This website is an interactive academic
tool for CEA-UNH course:
Gay Paris:
Culture, Society, & Urban Sexual Identity

CEA GlobalCampus | Spring 2009
UNH Course Code: GEN230
Credits: 3 | Location: Paris, France

Sunday, March 1, 2009

Amazones et Sirènes

Weiss, Paris Was A Woman (p. 100-141)

"Rather, she was what her biographer George Wickes has aptly called 'unquestionably the leading lesbian of her time.' She devoted her life to praising the joys of, and indeed promoting an ethos of, lesbianism." (100)

"Natalie surrounded herself with a coterie of beautiful women, virtually all of whom were former, present or future lovers. While in her twenties, she and the poet Renée Vivien travelled to Lesbos to set up a lesbian school for poetry and love...The qualities of Sappho that Natalie admired - a love of beauty and sensuality, the freedom to love without jealousy or moral judgement - were signposts by which she set out to live her own life. Although her plans for Lesbos were stymied, Natalie gathered a similar community of women around her in Paris, and held pagan rituals in her garden." (101)

"Her calling as a poet could never match her calling as a lover...Her wide capacity for love nourished and supported a century of female creativity, not only her own but that of her innumerable lovers and intimate friends. Her art was that of love, and she was a prolific artist, much to the chagrin of her jealous lifelong partner, the painter Romaine Brooks. Natalie and Romaine were both enormously wealthy American expatriates in Paris, but here their similarities ended." (102)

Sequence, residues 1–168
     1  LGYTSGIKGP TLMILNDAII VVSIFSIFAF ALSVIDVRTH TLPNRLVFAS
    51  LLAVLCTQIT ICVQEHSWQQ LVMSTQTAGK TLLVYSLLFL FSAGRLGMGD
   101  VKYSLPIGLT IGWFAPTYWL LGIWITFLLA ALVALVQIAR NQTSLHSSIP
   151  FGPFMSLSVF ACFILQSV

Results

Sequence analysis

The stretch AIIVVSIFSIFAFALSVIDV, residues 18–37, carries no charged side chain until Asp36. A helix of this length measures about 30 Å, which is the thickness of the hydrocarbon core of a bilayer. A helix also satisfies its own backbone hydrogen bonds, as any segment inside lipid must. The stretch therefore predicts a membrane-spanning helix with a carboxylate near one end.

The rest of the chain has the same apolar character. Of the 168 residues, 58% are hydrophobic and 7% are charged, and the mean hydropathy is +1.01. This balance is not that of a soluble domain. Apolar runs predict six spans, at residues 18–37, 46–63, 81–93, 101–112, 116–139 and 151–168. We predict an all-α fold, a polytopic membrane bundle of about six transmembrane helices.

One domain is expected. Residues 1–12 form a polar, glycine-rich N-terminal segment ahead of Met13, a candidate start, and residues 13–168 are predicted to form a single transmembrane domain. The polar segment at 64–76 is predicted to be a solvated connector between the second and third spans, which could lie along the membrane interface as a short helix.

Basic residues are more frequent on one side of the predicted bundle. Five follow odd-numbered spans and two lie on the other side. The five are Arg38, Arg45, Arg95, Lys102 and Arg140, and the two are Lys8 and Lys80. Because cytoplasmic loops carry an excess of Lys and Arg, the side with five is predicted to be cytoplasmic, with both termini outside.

"Of Djuna Barnes, Natalie wrote: 'A rough diamond sort of genius who cut everything to pieces and then blamed the cuts.'" (105)

Natalie Barney: "I considered myself without shame: albinos aren't reproached for having pink eyes and whitish hair, why should they hold it against me for being a lesbian? It's a question of nature: my queerness isn't a vice, isn't deliberate, and harms no one. What do I care, afterall, if they vilify or judge me according to their prejudices?" (107)

Barney: "Paris has always seemed..the only city where you can live and express yourself as you please." (107)

"In 1909, she established a salon in her Left Bank house that would continue for 60 years and encompass many French, American, and English artists, writers and celebrities...According to Solita Solano, 'Natalie did not collect modern art; she collected people, and you could be sure of being dazzled any Friday (her day) you dropped in for tea. On one particularly dazzling Friday Greta Garbo showed up..." (111)

"Natalie was intimate with Colette...Colette must have been more satisfactory than almost anyone else in her life." (114)

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